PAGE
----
This node is in response to subjective statements made in the node directly above. Radlab0 asks that a mother "please never, never, never consume alcohol while breastfeeding" and gives the opinion that even small amounts of alcohol may cause long term harm to the breastfed baby.
Breastfeeding is too important to be dismissed just because the mother lives a normal life. Breastfeeding is also inherently simple. When rules and more rules are imposed it becomes needlessly complex and something only an extraordinary woman can do. You don't have to be a saint to breastfeed.
Alex.tan correctly states (also above) that "a mother addicted to heroin or alcohol should not be breastfeeding her infant (and indeed should be a target of social services)". This is quite different from implying that a minute amount of alcohol in breastmilk will lead to the infant having long term problems with alcohol.
Don't take me wrong, mothers (and fathers) should not be drinking to excess or even on a regular basis. It is difficult to be a good parent and a drunk plus alcohol on a regular basis (2 drinks a day) has been shown to cause some gross motor developmental delays in one year olds. But again, this is not the same as implying that a single drink can cause harm. It is however true that drinking alcohol decreases the amount of milk a baby will recieve in the (short term) following feedings, probably by inhibiting the MER. A then hungry baby may fuss to feed more often thereby increasing milk because of the supply and demand regulation of breastmilk. Because of these conflicting pieces of information the folk lore advice to drink beer as a galactogogue is controversial. I'm just saying a breastfeeding mother can live a normal life. As much as new parents wish babies came with rule books, they just don't. Use common sense and moderation. Pay attention to your baby and if it acts hungry feed it. Don't be a lush, but you don't have to be a saint either.
Breastfeeding should be kept simple and sensible and not overly restricted by silliness. If you have an occasional drink it is best if you breastfeed first. By the time the baby next nurses the already minuscule amount of alcohol present in the milk will be further reduced.
(note to Blue Dragon's node down stream a bit)
Blocked ducts or plugged ducts can originate at the nipple tip causing a little bleb like you described. They can also originate further back in the ductal system and not show on the nipple tip.
If the block is caused by a nipple tip bleb your technique sometimes works but should be approached with caution and sterile technique. Deep hand expression, stretching of the pore and warm wet compresses are also known to help sometimes. Blebs often come back with alarming frequency. The milk that is expressed after opening the bleb is often thick and stringy. If infection or yeast or just inflamation sets in topical creams can be used to prevent reoccurance. One such cream is described on this site by the noted Canadian MD Jack Newman. See http://www.bflrc.com/newman/overheads/treatments%20for%20problems.html way down near the bottom.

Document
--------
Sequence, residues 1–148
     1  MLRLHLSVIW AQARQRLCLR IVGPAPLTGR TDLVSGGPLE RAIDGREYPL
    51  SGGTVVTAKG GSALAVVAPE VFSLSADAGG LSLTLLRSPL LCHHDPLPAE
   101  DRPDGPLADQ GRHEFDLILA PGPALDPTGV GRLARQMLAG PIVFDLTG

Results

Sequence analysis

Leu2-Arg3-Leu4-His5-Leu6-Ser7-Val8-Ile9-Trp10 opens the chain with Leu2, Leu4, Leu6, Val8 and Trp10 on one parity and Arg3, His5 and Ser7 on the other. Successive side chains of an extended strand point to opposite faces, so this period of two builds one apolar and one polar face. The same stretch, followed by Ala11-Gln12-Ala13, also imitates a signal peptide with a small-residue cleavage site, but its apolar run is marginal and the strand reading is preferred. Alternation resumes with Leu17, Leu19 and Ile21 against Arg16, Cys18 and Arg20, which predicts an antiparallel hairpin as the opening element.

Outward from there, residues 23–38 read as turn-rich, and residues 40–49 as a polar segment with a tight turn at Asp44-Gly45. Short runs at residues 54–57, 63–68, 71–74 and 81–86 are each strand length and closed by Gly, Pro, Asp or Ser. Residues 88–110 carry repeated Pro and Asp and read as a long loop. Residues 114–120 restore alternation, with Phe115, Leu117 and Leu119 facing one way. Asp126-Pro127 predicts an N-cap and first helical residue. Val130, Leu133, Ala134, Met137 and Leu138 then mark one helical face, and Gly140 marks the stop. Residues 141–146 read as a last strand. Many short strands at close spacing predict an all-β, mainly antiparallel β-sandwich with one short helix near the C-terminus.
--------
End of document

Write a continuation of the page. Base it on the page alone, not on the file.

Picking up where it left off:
If the block is further back in the breast the treatment would be different. Blocked ducts can lead to mastitis and mastitis can be "just" inflamatory (still really hurts and leads to loss of supply if not dealt with) or can be infectious. I agree that systemic antibiotics are overused when keeping the breast drained frequently and anti-inflamatory drugs would often be enough. One walks a fine line here, inadequately treated mastitis can lead to absesses but antibiotics can lead to yeast infections and resistant organisms. Jack also has some good recommendations on this. See http://www.bflrc.com/newman/breastfeeding/mastitis.htm
Other nodes I've written with some breastfeeding content:
natural age of weaning / cleft palate / The medicalization of childbirth and pregnancy / premature baby / Poland Syndrome / male genital mutilation / breast pain mastalgia / supply and demand regulation of breastmilk / premature baby / formula / online information about breastfeeding for parents / Guide to Breastfeeding / afterbirth pain / moist heat therapy / beta-carotene / Breastfeeding the Newborn / Leche / lactation consultant / Feeding and Swallowing Disorders in Infancy: Assessment and Management / UNICEF / WABA / IBFAN / public breastfeeding / Medications and Mothers' Milk / Breastfeeding: Biocultural Perspectives / Apgar scale / Lactivist / attachment parenting / Breastfeeding Matters / La Leche League International / ear infection / nursing strike / Solomon / nipple piercing / milk / each one teach one / Sudden Infant Death Syndrome / fenugreek / lactogogue / Clinical Lactation: A Visual Guide / sub mucous cleft palate / The Breastfeeding Atlas / ankyloglossia / Tongue Tie From Confusion to Clarity A Guide to the Diagnosis and Treatment of Ankyloglossia / Current Issues in Clinical Lactation / peristalsis / BodyPerks / lactose intolerant / supplemenatal nursing system / at breast supplementer / How to Know a Health Professional is not Supportive of Breastfeeding / Lactnet (idea) / Breast Reduction (idea) / Clinical Therapy In Breastfeeding Patients (thing)